The sign made me recall a question that frequently occurs when talking about self-injury. Are tattoos and piercings really just forms of self-injury? After all, with both of these acts the person is consenting to something that will injure and disfigure the body at least temporarily. It might make sense that tattoos and piercings are just different methods of self-injury.
When considering the social impact of body language, attractiveness may have an impact in various settings, including the job setting: Who is offered a promotion, or a more prestigious job, or a higher salary? The nonverbal cues in which I propose to research are tattoos and body piercings.
Many stereotypes and judgments have developed surrounding these two forms of body modification. A negative connotation has developed.
As tattooing and piercing are both becoming increasingly popular in Western society, as well as many other areas of the world, it is important to study the possible implications behind these forms of expression, especially when discussing tattoos as they are a decision being made which lasts a lifetime.
What kinds of things are associated with tattoos and piercings?
As they are becoming increasingly popular, are opinions changing as well? Will society one day consider these currently frowned upon artifacts to be forms of expression, beauty, and design? Or, are the increasing numbers of individuals who are participating in these forms of body modification closing doors, limiting future endeavors, eliminating possibilities, opportunities, which they otherwise would have had?
The main question I will be addressing is: My study will relate this question to the workplace in a job interview setting. A previous research study has been done in regard to negative perceptions of tattoos. Participants rated her on thirteen personal characteristics.
The results revealed ratings of a model with a dragon tattoo significantly more negative than were rating of the same model shown without the tattoo. A second experiment was carried out which included different participants, a different model, and a different tattoo.
In this experiment the woman had a tattoo of a dolphin. The dolphin tattoo led to less negative ratings than the model with the dragon tattoo had received Resenhoeft et al.
This study tests only general perceptions of women with visible tattoos, excluding men entirely, keeping the focus on the type of tattoo instead. In light of tattoos and body piercing becoming increasingly popular, a paper was written to determine the underlying motivations behind obtaining tattoos and body piercings.
This paper provides a review of the existing relevant literature found as a considerable body of research on motivational aspects already exists, providing reference for future research. The paper entails a list of ten broad motivational categories, comprising motivations for getting tattooed and body pierced.
Another study looked at the factors that influence attitudes toward women with tattoos. This group focused on tattoo size and visibility.
Their findings showed that both men and women had more negative attitudes toward a woman with a visible tattoo than toward the non-tattooed woman Hawkes et al. The purpose of another study was to determine whether the presence of body modification among adolescents was an independent predictor of problem substance use Brooks et al.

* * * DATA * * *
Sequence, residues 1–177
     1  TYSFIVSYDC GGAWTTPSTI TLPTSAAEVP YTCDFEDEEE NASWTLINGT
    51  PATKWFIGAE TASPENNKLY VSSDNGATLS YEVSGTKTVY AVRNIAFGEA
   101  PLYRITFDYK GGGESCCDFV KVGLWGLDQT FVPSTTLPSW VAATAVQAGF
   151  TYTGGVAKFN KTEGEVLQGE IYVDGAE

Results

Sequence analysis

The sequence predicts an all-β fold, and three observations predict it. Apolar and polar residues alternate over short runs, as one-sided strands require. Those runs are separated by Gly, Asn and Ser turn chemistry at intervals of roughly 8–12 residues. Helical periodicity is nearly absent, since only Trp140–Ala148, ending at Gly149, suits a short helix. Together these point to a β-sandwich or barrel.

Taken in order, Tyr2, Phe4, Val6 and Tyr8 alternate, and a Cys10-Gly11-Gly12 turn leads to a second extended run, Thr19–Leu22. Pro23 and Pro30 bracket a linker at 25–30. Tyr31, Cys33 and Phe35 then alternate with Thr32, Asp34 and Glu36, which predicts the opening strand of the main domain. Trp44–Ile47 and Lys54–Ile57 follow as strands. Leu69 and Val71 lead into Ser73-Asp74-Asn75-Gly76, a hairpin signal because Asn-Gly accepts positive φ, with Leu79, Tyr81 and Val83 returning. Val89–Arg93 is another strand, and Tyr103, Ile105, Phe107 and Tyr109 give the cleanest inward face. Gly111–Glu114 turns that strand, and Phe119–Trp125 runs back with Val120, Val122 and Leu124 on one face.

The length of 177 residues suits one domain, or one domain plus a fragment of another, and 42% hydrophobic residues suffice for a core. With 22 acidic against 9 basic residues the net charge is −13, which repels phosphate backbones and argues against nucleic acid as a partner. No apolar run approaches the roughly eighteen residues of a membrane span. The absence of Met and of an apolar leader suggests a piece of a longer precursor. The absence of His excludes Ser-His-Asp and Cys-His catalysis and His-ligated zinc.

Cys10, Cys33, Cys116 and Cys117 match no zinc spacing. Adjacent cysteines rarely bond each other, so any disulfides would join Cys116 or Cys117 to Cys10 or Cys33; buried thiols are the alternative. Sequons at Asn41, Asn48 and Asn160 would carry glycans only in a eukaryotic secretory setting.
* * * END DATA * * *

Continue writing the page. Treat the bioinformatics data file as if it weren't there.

Another paper was written to report attitudinal findings from a recent study with college students regarding their cues, reason, and purpose for getting tattooed; what they believe are the risks of tattooing; the barriers that would stop them from obtaining or getting another tattoo; and their ideas of customer skills regarding the tattooing procedure Armstrong et al.Despite such advances, there are many stories of employees having difficulty finding work or being fired for visible (and sometimes not so perceptible) tattoos and piercings that violate corporate dress codes or the personal views of individual employers.
I believe tattoos and piercings are a form of self expression,and not self-mutilation.. but there comes a time when it crosses the line. I'm just really not sure how i could word this and make a. People with tattoos scored higher on need for uniqueness than non-tattooed individuals.
People with conventional ear piercings scored lower on need for uniqueness than individuals with no piercings or with facial and body piercings. Tattooed and pierced individuals did not differ from non-tattooed and non-pierced individuals on appearance .
The first tattoo was for his grandfather’s remembrance, the second and third are his last names, and the fourth is his dad’s last name. For Gomez, these tattoos symbolize his respect and honor toward his family name. “I got the tattoos in order to show pride for my family and for who I am.
Tattoos – self expression or self mutilation? In a world where it is easy to be overlooked, it is becoming increasingly important for people to stand out from the crowd.
Tattoos have become very popular over the last few years and they afford an individual a form of self expression. People get tattoos for many reasons: for attention, self-expression, artistic freedom, rebellion, a visual display of a personal narrative, reminders of spiritual/cultural traditions, sexual motivation, addiction, identification with a group or even drunken impulsiveness (which is why many tattoo parlors are open late).